“Project 100,000, also known as McNamara’s 100,000, McNamara’s Folly, McNamara’s Morons, and McNamara’s Misfits, was a controversial 1960s program by the United States Department of Defense (DoD) to recruit soldiers who would previously have been below military mental or medical standards. Project 100,000 was initiated by Defense Secretary Robert McNamara in October 1966 to meet the escalating manpower requirements of the American government’s involvement in the Vietnam War. According to Hamilton Gregory, author of the book McNamara’s Folly: The Use of Low-IQ Troops in the Vietnam War, inductees of the project died at higher rates than other Americans serving in Vietnam.” https://en.wikipedia.org/wiki/Project_100,000
    “Promoted as a response to President Lyndon B. Johnson’s War on Poverty by giving training and opportunity to the uneducated and poor, the recruited men were classified as “New Standards Men” (or, pejoratively, as the “Moron Corps”). The number of soldiers reportedly recruited through the program varies, from more than 320,000 to 354,000, which included both voluntary enlistees and draftees (54% and 46%, respectively).”

    • Švejk says:

      After the Tet offensive in ’68 the induction centers were taking everybody they could get, including a scrawny kid in line ahead of me who had a tumor on the back of his neck the size of a walnut and couldn’t jump on one foot without falling down during the physical. He went off with the herd but his innocent calf-eyed stare still haunts me.

  6. Déjà vu says:

    “Where Have All the Men in Moscow Gone?
    Across the capital, there are noticeably fewer men at restaurants, stores and social gatherings. Many have been called up to fight in Ukraine. Others have fled to avoid being drafted.” https://www.nytimes.com/2022/10/19/world/europe/russia-moscow-army-draft.html
    “Where Have All the Flowers Gone? — an anti-war song with roots in the Don valley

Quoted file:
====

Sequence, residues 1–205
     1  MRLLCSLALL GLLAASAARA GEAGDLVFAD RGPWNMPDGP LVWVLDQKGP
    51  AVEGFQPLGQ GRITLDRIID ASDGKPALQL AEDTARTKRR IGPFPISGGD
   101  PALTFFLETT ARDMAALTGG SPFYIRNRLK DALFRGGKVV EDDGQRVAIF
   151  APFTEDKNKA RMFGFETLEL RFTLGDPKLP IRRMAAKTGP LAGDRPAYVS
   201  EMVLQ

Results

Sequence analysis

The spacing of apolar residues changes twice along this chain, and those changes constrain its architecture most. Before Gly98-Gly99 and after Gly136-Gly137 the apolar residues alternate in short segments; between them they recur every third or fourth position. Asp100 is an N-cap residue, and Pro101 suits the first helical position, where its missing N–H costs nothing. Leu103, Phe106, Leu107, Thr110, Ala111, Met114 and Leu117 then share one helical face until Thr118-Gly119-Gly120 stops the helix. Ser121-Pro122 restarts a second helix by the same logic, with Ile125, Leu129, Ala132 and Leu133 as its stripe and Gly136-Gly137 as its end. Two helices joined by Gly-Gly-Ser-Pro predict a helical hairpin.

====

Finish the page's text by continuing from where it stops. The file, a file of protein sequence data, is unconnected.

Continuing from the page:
Pete Seeger used an old Cossack lullaby to craft a powerful lament for dead soldiers and those they leave behind” https://ig.ft.com/life-of-a-song/where-have-all-the-flowers-gone.html

  7. Fragging says:

    Conscription Officers in Russia Keep Suffering a Grim Fate https://www.newsweek.com/russia-conscription-officers-grim-fate-mobilization-ukraine-1752834
    Attacks on military registration and enlistment offices nationwide have also grown since Putin’s decision to partially mobilize reserve troops to fight in Ukraine.
    State Duma Deputy Alexander Khinshtein announced Sunday that Russia’s National Guard has been deployed in a number of cities, including Moscow, over the “increased attacks.”
    “In connection with the increased attacks on military registration and enlistment offices, the Russian Guard has taken measures to protect them,” Khinshtein wrote on his Telegram channel.”In addition, the offices are included on the routes of patrol units of non-departmental guards all over the country.”

  8. Боеви́к says:

    Russian troops have denounced an “incomprehensible battle” in Donetsk after apparently sustaining heavy losses during a week of intense fighting in the key eastern region of Ukraine.
    Moscow has been trying to break through Kyiv’s defenses around the town of Pavlivka for at least the past seven days, but it seems to have made little progress with as many as 300 men killed in action, according to an open letter published on a prominent Russian military blog on Monday.
    The men of the 155th Brigade of the Russian Pacific Fleet Marines launched stinging criticism against a senior Russian official in a rare display of defiance, accusing authorities of “hiding” the number of casualties “for fear of being held accountable.”
    The letter, purportedly sent from the front lines to a regional Russian governor, came amid Moscow’s shaky offensive in a region President Vladimir Putin claimed to have illegally annexed just over a month ago. https://www.cnn.com/2022/11/08/europe/russia-ukraine-donetsk-heavy-losses-letter-intl/index.html

  9. 4therecord says: